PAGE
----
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Stepping up to biologic therapy when methotrexate (MTX) monotherapy fails was not shown to be cost effective, compared to first trying triple therapy, in a rheumatoid arthritis (RA) study published in Annals of Internal Medicine.
The RACAT (Rheumatoid Arthritis Comparison of Active Therapies) trial was a follow up to the TEAR study, both studying the comparative timing and use of triple therapy (MTX plus hydroxychloroquine plus sulfasalazine) versus etanercept (ETN) and MTX in RA patients failing MTX therapy alone, Whereas TEAR studied these regimens in early RA patients, RACAT focused on patients with established RA. Both RACAT and TEAR showed non-inferiority of triple therapy to the more aggressive and expensive biologic regimen (ETN + MTX).
The current study is a subanalysis for the the 353 participants in the RACAT trial and a lifetime analysis that extrapolated costs and outcomes by using a decision analytic cohort model.
MTX inadequate responders were randomized to either ETN-MTX or triple therapy and the incremental costs, quality-adjusted life years (QALYs), and incremental cost-effectiveness rations (ICERs) at 24 months and a lifetime were compared.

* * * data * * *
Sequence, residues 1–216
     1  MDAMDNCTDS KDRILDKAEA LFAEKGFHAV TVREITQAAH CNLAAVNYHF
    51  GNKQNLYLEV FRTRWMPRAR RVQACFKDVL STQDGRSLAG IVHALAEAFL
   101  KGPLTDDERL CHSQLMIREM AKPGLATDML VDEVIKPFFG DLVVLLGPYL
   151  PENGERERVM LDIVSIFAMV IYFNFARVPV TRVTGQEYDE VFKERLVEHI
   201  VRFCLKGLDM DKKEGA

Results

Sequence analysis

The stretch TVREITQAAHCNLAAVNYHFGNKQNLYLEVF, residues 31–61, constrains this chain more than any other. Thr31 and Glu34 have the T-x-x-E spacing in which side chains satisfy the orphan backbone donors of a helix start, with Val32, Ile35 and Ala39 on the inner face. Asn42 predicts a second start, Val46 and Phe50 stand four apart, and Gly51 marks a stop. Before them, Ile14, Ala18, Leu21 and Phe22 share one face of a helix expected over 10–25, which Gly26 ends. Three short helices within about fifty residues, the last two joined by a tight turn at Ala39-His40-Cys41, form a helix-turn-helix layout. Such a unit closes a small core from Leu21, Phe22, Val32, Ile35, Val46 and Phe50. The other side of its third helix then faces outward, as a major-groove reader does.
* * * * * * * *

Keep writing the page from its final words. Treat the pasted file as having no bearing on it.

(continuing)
Results showed treating with the biologic therapy first provided marginally more benefits, but an amount that would not be detectable to patients. The lifetime analysis suggested that first-line biologic treatment would result in 0.15 additional lifetime QALYs, but this gain would cost an incremental $77,290, leading to an incremental cost-effectiveness ratio of $521,520 per QALY per patient, a figure far above what is considered acceptable to the U.S. health care system.
The authors conclude that patients, unless contraindicated, should switch to triple therapy first before switching to a biologic strategy. The authors cite literature showing this is a strategy that many patients would prefer anyway, since it could reduce their overall out-of-pocket costs.